Fewer people tend to vote in municipal elections in Edmonton than in Calgary. We look at why


More Edmontonians voted in this year’s municipal election than in the previous four elections, but overall turnout was even higher in Calgary.

According to Edmonton Elections, the turnout for the October 18 election was 37.6 percent.

The 2021 Calgary election saw a turnout of 46.36%. Data shows this has been trending since at least 1983 – the oldest publicly available year to compare the two cities where Calgary typically has a higher turnout than Edmonton. Sometimes significantly.

There are several hypotheses as to why this can happen, according to political experts. But there is one theory that suggests competitive racing creates a sense of urgency and drama that engages people.

“Calgarians have come to expect fiery municipal elections and it engages them. Edmontonians are just used to more moderate municipal elections,” said Janet Brown, pollster and political commentator.

Competition drives participation

“Competitive elections tend to stimulate turnout,” said Jack Lucas, associate professor of political science at the University of Calgary.

Data shows that about a third of eligible voters in Edmonton usually vote at the municipal level. There were a few years where this trend faltered: in 1992 Jan Reimer faced a close race for re-election against Bill Smith. The participation rate was 51.7%.

In 2007, Stephen Mandel was widely re-elected, with just over 27 percent participation.

In Calgary, turnout fluctuates more often – yet the city tends to have a higher turnout than Edmonton. There have been 13 municipal elections since 1983. Calgary topped Edmonton’s turnout in eight, including the last five.

At times voter turnout has been tight, such as in 2001, when Calgary saw 37.7 percent of voters versus just over 35 percent in Edmonton.

Other times less. In 2017, Calgary recorded a voter turnout of 58.1%, almost 27% higher than Edmonton, which has not seen such a high turnout since 1966, when 59.9% of voters voted. vote.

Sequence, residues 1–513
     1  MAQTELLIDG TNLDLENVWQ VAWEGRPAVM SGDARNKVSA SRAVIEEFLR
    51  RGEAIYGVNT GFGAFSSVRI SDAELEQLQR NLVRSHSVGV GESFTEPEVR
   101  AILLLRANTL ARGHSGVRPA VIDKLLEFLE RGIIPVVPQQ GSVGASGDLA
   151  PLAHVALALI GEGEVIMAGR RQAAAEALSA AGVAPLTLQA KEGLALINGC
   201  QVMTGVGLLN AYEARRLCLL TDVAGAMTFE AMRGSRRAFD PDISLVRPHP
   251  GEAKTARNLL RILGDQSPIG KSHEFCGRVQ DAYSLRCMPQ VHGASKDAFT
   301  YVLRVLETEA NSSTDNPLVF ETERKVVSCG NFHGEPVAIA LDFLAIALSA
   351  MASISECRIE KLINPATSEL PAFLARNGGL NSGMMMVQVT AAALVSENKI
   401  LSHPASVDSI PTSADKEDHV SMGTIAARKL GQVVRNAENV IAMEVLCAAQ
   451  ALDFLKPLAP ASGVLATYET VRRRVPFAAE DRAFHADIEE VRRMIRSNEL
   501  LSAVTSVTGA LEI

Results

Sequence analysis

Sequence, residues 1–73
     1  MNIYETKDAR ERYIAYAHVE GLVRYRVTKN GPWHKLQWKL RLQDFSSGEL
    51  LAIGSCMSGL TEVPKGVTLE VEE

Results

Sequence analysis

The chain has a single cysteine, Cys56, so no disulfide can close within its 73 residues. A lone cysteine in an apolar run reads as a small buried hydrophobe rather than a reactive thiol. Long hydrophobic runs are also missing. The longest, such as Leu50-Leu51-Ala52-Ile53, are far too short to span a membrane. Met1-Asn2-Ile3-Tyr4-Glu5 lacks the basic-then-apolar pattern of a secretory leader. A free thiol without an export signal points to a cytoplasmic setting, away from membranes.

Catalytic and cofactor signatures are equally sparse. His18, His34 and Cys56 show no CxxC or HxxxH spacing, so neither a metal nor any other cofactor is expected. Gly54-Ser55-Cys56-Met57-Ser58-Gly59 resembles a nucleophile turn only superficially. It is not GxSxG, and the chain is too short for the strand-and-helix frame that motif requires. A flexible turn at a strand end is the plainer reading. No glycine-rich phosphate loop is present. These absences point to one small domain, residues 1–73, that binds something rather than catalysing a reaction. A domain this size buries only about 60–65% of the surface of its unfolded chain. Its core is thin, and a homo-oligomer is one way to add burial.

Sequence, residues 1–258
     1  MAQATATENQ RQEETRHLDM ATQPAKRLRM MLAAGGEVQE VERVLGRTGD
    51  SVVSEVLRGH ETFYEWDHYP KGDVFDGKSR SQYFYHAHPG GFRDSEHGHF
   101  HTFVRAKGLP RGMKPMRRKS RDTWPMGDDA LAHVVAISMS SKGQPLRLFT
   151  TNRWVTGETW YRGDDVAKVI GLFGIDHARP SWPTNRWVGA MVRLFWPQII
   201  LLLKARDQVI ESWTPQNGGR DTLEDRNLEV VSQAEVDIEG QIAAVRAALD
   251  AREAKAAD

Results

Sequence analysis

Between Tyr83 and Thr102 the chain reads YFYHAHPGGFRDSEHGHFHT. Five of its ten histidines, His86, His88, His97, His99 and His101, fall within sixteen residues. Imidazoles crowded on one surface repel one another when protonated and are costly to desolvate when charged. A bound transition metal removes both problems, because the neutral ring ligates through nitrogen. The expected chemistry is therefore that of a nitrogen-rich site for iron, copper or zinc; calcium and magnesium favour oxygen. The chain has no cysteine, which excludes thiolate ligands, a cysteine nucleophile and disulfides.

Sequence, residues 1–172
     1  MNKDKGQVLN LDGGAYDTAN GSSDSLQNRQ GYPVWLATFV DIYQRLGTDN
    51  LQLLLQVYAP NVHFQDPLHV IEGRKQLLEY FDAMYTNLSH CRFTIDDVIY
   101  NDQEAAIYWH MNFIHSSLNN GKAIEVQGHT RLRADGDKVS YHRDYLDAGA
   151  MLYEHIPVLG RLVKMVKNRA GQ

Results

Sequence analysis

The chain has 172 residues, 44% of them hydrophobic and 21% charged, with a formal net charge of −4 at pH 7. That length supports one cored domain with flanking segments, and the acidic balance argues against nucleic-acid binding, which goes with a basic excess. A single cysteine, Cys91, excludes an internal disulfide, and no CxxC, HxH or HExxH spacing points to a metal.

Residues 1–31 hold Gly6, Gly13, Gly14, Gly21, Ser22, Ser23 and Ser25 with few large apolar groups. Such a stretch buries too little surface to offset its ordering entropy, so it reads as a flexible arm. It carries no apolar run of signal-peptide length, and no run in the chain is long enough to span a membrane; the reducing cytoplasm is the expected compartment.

Calgary calculates voter turnout using the number of eligible voters provided by Elections Alberta, a city spokesperson said.

Edmonton Elections relied on estimated voter information gathered from the municipal enumeration in previous elections.

This information was not available for the recent elections, so the number of eligible voters was estimated based on city and province statistics, according to a city spokesperson.

Data shows that about a third of eligible voters in Edmonton usually vote at the municipal level. (Travis McEwan / CBC)

Tight races make voters believe there is “more at stake”

Brown led focus groups with voters after the municipal election to gauge what they thought and how engaged they were.

Her research led her to formulate some hypotheses about why voter turnout was higher in Calgary, such as the plebiscite on the reintroduction of fluoride into the city’s drinking water, which she says may have prompted more people to go to the polls.

But one theory seems to hold: close electoral races are more engaging.

Although there were fewer polls in Edmonton, Brown said the consensus was that the race-winning Amarjeet Sohi was clearly the favorite. The focus group participants she spoke to did not recall the Edmonton election as being very interesting.

In Calgary, Jyoti Gondek received about 45 percent of the vote and comfortably became mayor-elect. But before Oct. 18, Brown said polls suggested it would be a close race between Gondek and Jeromy Farkas.

“There is the perception that there is more at stake,” she said.

“If it is a close race, you are more likely to think that your vote could be a determining factor.”

Calgary Mayor-elect Jyoti Gondek, left, and Mayor Naheed Nenshi are meeting earlier this week. Polls suggested Calgary’s municipal election would be a close race between Gondek and his closest competitor, which one analyst said contributed to a turnout of 46.36 percent. (Mike Symington / CBC)

Fireworks and hype

To show how this is true, Brown highlighted the previous four elections in Calgary.

In 2013, Mayor Naheed Nenshi was the incumbent and traveled for another term, she said. Data shows that the turnout was around 39.4% that year.

But the 2010, 2017 and 2021 elections “had a lot of fireworks” and the data shows that each saw higher turnout.

Brown compared political engagement to the TV show Ted lasso – once there was the hype, people watched.

“With more buzz, there are more people who get involved, there are more people who form an opinion. And if you have an opinion on the election, you will vote,” she said. declared.

“If you’re not careful and you haven’t developed an opinion, you’re not going to vote.”


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